Consequences of Biomass Harvesting on Forest Condition and Productivity in the Northern Rocky Mountains
Year of Award
Doctor of Philosophy (PhD)
Department or School/College
College of Forestry and Conservation
Christopher R. Keyes
David L.R. Affleck, Ragan M. Callaway, John M. Goodburn, Deborah S. Page-Dumroese
Coram Experimental Forest, Intensive biomass removal, Long-term Impact, Western larch forest, Woody biomass utilization
The University of Montana
Emerging public interests to utilize forest woody biomass as an alternative feedstock accompanies a concern about potential nutrient depletion by increased woody biomass extraction. This study was conducted to investigate the long-term impact of intensive biomass utilization on site productivity and forest condition in the northern Rockies. The 1974 Forest Residues Utilization Research and Development Program site at Coram Experimental Forest of western Montana were revisited, and responses from individual tree to ecosystem level were measured. The experiment was designed to address the effect of biomass utilization intensity (high, medium and low) combined with prescribed broadcast burning treatment following conventional regeneration cuttings (i.e. shelterwood, group selection, and clearcut).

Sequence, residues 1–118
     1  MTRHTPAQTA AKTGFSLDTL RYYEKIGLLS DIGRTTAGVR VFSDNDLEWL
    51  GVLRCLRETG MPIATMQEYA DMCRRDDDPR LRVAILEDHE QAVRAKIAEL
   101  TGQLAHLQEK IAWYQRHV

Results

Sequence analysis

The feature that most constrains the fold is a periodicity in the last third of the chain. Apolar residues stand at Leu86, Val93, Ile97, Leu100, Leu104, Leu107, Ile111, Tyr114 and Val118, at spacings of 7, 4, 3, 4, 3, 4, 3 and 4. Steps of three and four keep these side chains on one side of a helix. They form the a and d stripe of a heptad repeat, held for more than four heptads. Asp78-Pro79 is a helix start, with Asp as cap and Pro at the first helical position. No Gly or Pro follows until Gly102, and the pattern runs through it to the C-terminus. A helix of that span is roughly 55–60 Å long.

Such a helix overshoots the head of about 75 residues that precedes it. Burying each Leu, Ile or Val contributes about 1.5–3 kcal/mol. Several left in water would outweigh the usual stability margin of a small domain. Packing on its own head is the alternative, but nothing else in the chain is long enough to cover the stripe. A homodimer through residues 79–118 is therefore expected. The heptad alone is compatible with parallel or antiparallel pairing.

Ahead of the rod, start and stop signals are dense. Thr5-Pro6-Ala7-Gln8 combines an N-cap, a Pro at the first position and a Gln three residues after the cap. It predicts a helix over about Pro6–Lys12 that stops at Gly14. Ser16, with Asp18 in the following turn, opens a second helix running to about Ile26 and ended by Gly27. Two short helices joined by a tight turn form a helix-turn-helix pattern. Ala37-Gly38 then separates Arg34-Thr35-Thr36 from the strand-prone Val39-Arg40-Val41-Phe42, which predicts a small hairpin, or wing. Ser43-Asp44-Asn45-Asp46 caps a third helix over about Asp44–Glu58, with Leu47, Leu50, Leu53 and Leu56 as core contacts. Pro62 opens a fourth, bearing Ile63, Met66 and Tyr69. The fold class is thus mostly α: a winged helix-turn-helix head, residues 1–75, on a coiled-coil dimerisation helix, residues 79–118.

Jang, Woongsoon, "Consequences of Biomass Harvesting on Forest Condition and Productivity in the Northern Rocky Mountains" (2015). Graduate Student Theses, Dissertations, & Professional Papers. 4597.
© Copyright 2015 Woongsoon Jang